I posted a couple of times about John Merrow’s PBS profile of the Rocketship charter chain, but I think there is more to be said on the subject.

The chain now has seven charters in San Jose, California, and it will soon expand into many more urban “markets.” When it enters a new territory, it expects a commitment for at least five charters. It aims to enroll one million children eventually. It is presently planning new schools in Nashville, San Antonio, Milwaukee, and other cities.

Merrow’s show was well done and nicely framed. He begins with old documentary footage of Henry Ford’s assembly line and asks why we as a nation have not even able to “mass produce” high quality schools. He then shifts to Rocketship, where we see children, teachers, and parents chanting in what appears to be a daily ritual. I think they were chanting some sort of self-esteem boosting words or slogans, like “I am a Rocketship,” but I’m not certain of that.

Then we learn the following:

About 75% of the teachers are Teach for America, so we don’t expect to see many experienced teachers.

Students spend two hours a day in front of a computer, which assesses their skill levels and offers them problems adjusted to their ability.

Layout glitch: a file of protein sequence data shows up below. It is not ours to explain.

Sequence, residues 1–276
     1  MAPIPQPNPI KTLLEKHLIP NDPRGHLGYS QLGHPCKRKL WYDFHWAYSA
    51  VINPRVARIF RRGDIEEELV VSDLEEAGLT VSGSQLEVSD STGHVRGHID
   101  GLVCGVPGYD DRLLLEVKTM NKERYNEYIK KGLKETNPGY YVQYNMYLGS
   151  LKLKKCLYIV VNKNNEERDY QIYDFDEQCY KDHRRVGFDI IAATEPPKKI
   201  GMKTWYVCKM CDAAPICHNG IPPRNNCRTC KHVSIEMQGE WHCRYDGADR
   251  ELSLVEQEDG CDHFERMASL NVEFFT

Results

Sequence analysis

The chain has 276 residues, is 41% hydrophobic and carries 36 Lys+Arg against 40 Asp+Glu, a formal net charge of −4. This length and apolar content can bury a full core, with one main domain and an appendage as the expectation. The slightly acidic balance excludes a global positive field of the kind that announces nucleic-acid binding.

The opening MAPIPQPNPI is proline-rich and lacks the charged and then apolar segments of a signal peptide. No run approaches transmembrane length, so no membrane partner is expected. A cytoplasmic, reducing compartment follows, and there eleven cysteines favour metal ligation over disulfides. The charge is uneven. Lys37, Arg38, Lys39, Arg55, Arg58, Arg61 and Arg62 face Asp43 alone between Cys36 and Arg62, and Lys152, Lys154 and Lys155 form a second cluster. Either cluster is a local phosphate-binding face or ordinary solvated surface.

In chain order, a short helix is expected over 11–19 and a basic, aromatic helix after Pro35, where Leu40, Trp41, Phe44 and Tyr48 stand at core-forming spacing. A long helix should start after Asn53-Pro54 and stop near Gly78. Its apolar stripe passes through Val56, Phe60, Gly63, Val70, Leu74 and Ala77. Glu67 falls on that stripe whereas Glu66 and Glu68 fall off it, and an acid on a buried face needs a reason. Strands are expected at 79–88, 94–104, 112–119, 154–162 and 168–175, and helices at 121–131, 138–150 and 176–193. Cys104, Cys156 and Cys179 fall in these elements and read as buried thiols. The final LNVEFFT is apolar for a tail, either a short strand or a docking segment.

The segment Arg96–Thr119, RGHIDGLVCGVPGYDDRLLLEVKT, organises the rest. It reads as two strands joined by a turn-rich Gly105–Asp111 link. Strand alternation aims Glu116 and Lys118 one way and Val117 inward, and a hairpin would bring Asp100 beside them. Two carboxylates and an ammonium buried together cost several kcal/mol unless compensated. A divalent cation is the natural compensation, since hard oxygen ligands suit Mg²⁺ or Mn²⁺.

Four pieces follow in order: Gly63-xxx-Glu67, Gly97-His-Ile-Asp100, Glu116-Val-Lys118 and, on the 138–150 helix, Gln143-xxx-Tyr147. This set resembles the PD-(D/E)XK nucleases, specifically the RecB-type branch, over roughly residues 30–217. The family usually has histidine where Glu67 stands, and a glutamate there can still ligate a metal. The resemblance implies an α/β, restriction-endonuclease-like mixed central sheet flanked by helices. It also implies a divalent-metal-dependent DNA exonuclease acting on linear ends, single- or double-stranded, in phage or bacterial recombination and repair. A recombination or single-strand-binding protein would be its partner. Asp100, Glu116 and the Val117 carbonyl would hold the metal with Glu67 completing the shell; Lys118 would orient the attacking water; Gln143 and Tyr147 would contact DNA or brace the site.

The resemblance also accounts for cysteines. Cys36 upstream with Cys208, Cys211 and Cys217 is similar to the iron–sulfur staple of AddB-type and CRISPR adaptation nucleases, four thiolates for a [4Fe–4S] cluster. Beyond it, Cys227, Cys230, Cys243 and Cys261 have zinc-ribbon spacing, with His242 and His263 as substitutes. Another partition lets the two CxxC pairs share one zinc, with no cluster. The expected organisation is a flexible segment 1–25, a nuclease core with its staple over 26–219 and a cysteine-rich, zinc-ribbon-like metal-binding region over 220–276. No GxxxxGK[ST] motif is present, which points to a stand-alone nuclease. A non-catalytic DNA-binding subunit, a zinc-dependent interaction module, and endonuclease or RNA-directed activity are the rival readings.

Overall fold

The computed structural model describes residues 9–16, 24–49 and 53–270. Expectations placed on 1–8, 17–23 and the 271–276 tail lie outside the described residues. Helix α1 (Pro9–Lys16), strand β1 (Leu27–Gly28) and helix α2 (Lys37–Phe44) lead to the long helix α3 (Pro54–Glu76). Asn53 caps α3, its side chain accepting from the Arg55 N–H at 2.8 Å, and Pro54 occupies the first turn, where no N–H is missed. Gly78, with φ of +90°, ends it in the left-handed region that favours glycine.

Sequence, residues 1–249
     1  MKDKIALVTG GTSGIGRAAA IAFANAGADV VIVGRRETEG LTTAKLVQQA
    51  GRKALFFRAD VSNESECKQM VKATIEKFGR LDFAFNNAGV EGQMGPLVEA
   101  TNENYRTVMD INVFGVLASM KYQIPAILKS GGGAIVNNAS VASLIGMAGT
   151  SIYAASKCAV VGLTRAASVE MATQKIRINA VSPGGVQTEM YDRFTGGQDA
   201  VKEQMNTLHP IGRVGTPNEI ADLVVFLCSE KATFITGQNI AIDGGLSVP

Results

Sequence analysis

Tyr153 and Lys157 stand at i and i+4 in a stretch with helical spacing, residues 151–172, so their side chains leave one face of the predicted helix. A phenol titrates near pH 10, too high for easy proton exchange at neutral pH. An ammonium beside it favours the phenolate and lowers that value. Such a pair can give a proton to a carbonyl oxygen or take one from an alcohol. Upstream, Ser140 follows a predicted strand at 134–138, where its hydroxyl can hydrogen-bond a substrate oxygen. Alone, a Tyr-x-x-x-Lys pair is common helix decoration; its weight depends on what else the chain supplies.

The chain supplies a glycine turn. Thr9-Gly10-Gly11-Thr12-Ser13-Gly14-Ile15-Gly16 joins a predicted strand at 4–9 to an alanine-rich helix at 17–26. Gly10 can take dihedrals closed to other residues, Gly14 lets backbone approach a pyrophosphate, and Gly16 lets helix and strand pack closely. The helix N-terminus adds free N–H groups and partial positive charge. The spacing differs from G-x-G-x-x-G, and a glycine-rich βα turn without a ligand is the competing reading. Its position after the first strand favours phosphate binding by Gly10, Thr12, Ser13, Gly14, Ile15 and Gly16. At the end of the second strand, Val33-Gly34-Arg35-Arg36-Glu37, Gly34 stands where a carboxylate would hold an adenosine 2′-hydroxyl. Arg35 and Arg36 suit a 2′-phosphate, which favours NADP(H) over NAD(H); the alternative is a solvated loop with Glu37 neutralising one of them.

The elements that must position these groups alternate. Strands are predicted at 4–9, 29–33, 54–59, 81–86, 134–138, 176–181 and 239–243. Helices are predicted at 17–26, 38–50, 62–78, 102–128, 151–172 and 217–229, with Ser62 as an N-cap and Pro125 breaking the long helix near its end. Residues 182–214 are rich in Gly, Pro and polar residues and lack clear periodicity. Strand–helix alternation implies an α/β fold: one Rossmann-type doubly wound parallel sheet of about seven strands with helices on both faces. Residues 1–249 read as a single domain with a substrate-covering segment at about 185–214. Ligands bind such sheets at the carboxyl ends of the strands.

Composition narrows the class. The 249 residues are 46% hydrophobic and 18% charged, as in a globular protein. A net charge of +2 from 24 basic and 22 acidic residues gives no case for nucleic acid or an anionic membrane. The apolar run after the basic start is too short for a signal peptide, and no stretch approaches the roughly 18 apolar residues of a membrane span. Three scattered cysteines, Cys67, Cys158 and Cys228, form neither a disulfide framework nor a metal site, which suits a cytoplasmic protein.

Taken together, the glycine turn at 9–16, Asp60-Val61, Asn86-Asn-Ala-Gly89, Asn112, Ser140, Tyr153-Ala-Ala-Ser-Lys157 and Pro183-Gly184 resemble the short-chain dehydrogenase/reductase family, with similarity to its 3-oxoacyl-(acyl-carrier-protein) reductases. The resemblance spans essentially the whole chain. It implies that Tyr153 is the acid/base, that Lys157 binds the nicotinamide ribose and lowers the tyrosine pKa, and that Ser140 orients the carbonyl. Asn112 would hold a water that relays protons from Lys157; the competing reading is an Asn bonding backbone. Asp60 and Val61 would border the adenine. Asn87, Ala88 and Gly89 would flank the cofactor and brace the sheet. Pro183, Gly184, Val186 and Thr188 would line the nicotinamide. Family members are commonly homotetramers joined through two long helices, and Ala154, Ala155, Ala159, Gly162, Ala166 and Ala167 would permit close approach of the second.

The school has fewer teachers because of its computer time, which saves about $500,000 a year.

The founder of Rocketship is unalterably opposed to unions, because he says they would limit his flexibility.

The teachers are paid more than public school teachers, and some are paid a good deal more, though it was not explained what determined compensation.

The schools have high test scores, even though their students are low-income.

The schools offer neither art or music. They seem to be focused solely on tested subjects.

There was some talk of changing the computer labs next year, though it was not clear how.

Some of the students, especially the younger ones, appeared to be bored at the computer.

The takeaway?

These are schools for poor children. Not many advantaged parents would want their children in this bare-bones Model-T school. It appears that these children are being trained to work on an assembly line. There is no suggestion that they are challenged to think or question or wonder or create.

Bit their test scores are high.